ONCE upon a time ago, there was a family of four boys living in Central Queensland on a farm with their father.
One night, one of the boys, a teenager, went out with his friends to visit other friends in a nearby town.
On their way home, tragedy struck.
Two guys in two cars were racing each other along the highway when the three vehicles collided.
That night, five people died and one became a quadriplegic.
The Australian National Drag Racing Association (ANDRA) has asked media to highlight the difference between illegal street racing (this incident) and legal racing in the form of Drag Racing.
As the national governing body for the sport of Drag Racing in Australia, ANDRA is concerned that in some instances of racing on public streets has been referred to as "Drag Racing".
"These incidents are unfortunate and tragic for all involved, however they are a result of dangerous driving and illegal street racing," a spokesperson said.
Drag Racing is a sport involving modified cars or motorcycles timed over a measured course. It is the most powerful motorsport on the planet conducted within controlled, sanctioned venues across Australia on a specially laid and maintained surface.
These same venues offer up "Off Street" events where members of the public can try Drag Racing for themselves by racing their regular street vehicles on a professionally prepared and administered track provided they meet strict safety requirements and guidelines.
The accidents shown in these Drag Racing videos show how easy it is for someone to lose control on any road, with safety measures or not.
Meanwhile, Rockhampton Traffic Branch Senior Sergeant Ewan Findlater said reports indicated there were more 'dangerous driving' activities occurring after events at Benaraby Raceway.
However, Snr Sgt Findlater put the offences down to impatient drivers, not hoons.
"We get reports (of racing/hooning) along Queen Elizabeth Drive/Musgrave Street," he said.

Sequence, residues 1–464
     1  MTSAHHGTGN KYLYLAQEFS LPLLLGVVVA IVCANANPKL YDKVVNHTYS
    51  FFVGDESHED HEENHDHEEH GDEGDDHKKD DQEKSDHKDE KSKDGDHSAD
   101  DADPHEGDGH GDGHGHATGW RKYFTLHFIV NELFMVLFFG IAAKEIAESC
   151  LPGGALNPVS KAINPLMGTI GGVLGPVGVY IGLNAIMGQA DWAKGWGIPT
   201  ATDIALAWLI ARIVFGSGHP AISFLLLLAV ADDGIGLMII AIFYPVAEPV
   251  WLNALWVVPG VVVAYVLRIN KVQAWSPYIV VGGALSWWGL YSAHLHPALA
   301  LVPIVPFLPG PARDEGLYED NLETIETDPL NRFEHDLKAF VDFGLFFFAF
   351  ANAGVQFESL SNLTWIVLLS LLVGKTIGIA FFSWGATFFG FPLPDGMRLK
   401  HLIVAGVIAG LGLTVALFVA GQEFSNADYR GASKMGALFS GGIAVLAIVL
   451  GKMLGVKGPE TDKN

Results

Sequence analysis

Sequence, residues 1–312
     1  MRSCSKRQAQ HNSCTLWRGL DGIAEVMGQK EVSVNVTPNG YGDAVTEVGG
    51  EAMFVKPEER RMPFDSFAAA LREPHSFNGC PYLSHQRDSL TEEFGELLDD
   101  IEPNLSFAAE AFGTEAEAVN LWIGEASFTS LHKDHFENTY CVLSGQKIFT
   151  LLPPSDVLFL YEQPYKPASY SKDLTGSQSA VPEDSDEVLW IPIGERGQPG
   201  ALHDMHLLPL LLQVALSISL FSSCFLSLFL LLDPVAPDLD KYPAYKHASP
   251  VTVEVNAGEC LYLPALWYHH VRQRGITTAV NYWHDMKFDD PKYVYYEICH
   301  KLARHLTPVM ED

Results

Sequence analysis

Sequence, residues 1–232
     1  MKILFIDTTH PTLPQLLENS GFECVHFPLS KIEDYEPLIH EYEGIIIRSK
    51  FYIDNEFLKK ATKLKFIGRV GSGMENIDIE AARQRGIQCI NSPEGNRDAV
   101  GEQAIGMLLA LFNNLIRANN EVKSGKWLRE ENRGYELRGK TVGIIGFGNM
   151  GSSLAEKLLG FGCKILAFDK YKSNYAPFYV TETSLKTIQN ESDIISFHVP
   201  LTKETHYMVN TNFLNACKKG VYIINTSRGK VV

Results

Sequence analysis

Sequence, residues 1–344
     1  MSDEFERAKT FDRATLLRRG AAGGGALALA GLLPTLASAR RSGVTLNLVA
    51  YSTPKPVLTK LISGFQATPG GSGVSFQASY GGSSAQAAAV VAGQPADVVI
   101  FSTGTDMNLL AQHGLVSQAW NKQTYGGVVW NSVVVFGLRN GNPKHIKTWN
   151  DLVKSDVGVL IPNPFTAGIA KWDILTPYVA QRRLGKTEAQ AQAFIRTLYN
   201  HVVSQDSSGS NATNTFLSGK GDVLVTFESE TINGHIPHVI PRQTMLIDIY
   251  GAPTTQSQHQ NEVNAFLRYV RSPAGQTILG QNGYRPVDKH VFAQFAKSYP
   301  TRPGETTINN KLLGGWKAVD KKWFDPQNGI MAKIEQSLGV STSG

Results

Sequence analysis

Snr Sgt Findlater said reports of hooning in multiple lane streets was a common theme among reports, including across the bridges.
He said Yeppoon and industrial estates were also common places for hooning.
On The Bulletin's Facebook page, as part of a reader discussion topic, readers discussed hooning in the region and Drag Racing.
"People have passions, every single one of you, you may not agree or understand one anothers passions but that doesn't give you the right to belittle them in any way," Ryan Matthew Newport posted.
"Far enough they might have a passion etc and have no where else to go to live their life long dream (except Bernaraby) but that does not excuse them from doing in excess of 80kmh down residential streets (where a child could step out or someone's pet for that matter) or thinking its cool to chuck burn outs up the street as they take off to see how long a black mark they can leave etc etc.... Yes we were ALL young once and probably did some if not all of this stuff in our cars when we got our licences to....but yes they make me GRRRR to yes they need to SLOW down and think of others on the road as well.... Time and a place for everything," Veronnike Johnson said.
Read more readers comments here: